For seed-round founders who have already proven a market need for their product or service, fundraising is still a necessary evil. Unfortunately, on average, it takes founders numerous meetings to close seed funding. But there’s a secret sauce: effective seed fundraising pitch decks. There are obvious elements to consider while pitching, like having a thick skin and striking a balance between confidence and humility — but here are five other aspects to watch out for.
1. Activate the Storyteller Within You
In every context, whether in an elevator or a 20-minute venture capital (VC) meeting, you need to be able to tell your story efficiently and adapt to any audience.
If you are meeting investors in person at an investor day, for example, remember that your goal is not to close — it is to get another meeting. Ever been at a party and trapped by someone who has launched into a story that seems never ending? You may smile politely and grab another drink to get away. That’s exactly the reaction you don’t want. You’ve got to be able to judge the room, speak their language and include only the key details relevant to a certain audience.
Savvy entrepreneurs also have different seed fundraising pitch decks for in-person presentations vs. online or via email. Including a video presentation virtually could make your pitch more personalized too. But through whatever medium, the number one rule doesn’t change: Investors are more likely to remember an interesting story than dull facts and figures.
So, how can you connect emotionally to captivate investors?
Firstly, introduce your characters: Who are you, where are you from and why do you have what it takes to succeed? Then, describe the change investors should expect to see in the world due to your company instead of diving straight into the obstacles your target audience faces. There’s supposedly a problem at the core of every business, so stand out from the crowd by moving away from the “conflict” approach and offering a visionary idea. This could be a safer bet since an investor could disagree that the problem you are trying to solve exists or underestimate the problem’s size.
Next, incorporate the startup’s purpose and vision so investors understand why a solution is needed while feeling empathy for the end-users. You could even show your product through the perspective of the user journey. This should ultimately answer why your team is precisely the right bunch to build the solution. But if not, spell it out: What makes your team unique? Why couldn’t it be done before?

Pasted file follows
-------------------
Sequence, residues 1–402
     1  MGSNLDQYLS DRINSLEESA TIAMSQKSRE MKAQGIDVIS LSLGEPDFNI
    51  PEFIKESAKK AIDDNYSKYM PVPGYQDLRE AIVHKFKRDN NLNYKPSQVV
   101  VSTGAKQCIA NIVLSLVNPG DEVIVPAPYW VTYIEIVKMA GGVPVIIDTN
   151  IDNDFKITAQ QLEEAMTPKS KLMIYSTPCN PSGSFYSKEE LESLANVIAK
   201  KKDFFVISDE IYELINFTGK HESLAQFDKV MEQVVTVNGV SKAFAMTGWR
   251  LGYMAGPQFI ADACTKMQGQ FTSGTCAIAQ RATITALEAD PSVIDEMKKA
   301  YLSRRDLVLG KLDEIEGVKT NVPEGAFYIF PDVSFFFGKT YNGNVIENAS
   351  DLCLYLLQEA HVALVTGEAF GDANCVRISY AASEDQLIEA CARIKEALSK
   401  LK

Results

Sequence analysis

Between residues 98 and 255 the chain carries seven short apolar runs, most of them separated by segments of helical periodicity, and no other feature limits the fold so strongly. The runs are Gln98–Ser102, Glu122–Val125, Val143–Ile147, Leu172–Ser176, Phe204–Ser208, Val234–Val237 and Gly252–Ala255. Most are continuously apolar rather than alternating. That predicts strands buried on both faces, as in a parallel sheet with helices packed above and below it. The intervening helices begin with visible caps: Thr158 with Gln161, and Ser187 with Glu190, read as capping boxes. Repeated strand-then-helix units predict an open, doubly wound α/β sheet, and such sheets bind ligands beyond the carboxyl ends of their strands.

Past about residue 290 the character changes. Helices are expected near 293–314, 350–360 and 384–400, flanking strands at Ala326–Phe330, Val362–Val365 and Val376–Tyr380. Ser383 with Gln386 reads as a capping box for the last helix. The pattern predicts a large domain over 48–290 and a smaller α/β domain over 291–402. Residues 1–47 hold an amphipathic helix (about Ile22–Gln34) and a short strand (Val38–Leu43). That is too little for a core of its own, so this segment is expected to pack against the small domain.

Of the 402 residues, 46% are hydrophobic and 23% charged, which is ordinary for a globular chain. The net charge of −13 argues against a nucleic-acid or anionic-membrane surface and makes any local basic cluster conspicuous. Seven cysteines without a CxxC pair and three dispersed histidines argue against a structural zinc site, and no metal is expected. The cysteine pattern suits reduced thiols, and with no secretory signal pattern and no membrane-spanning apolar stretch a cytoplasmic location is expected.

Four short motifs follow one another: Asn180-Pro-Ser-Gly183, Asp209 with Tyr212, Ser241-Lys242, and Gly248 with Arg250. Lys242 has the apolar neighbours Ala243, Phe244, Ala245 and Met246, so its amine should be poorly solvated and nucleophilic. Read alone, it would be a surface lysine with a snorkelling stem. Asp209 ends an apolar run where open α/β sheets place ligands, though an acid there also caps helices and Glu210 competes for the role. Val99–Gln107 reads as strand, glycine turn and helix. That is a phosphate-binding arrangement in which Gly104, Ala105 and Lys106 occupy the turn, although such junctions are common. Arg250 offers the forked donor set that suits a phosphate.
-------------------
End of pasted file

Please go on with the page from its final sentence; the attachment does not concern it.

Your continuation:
For every compelling startup story, there’s often a succinct executive summary behind it. This can be one or two pages that include all the relevant information about the vision, product, team, market size, revenue, and prior or current fundraising.
Realistically, if you struggle to put this together or can’t explain your mission and strategy in a few simple sentences, you probably won’t get a penny from investors. It doesn’t matter how complex the technology or idea is, break it down for a five-year-old.
2. Demonstrate Market Potential
When pitching, use data and statistics from market research papers as sources. So many founders say: “We’re excited about this growth,” or “There’s a market need.” But where’s the real evidence to support the potential? Investors want to discover why you have an opportunity to seize a large percentage of the market you are operating in. So, if your company is really on top of market trends and data-driven, actively speak in data.
For example, the original Facebook pitch deck is legendary in the tech space for that reason. Their expansion plan was clear: “By September 1, 2004, thefacebook.com network will have more than 200 member schools.” The stats and numbers spoke volumes.
You should also display a competitive analysis to drive home how your product or business is different in the current market landscape. Investors will be expecting you to answer the following questions: How is your solution different from other products? Why will it change the market? How do you make money? A competitor matrix can help communicate the unique selling points effectively.
According to the Corporate Finance Institute, the Total Addressable Market (TAM) helps paint the picture of whether a business deserves to be venture-backed. Some companies offer free Google Sheet templates so founders can model their TAM easily.
3. Convey Financial Projections
Seed investors really don’t care if your projections are wrong over time; they just want to know your initial assumptions. So, the goal of a financial model is not to be right with every projection but just to show that you, as a founder, or your executive team, know what could impact the success or failure of your business.
The structure of a financial model at the seed stage will vary hugely depending on the industry, for example, SaaS vs e-commerce. But a solid model will always consist of two things:
- Well-thought-out projections about the future
- A properly structured and dynamic spreadsheet that shows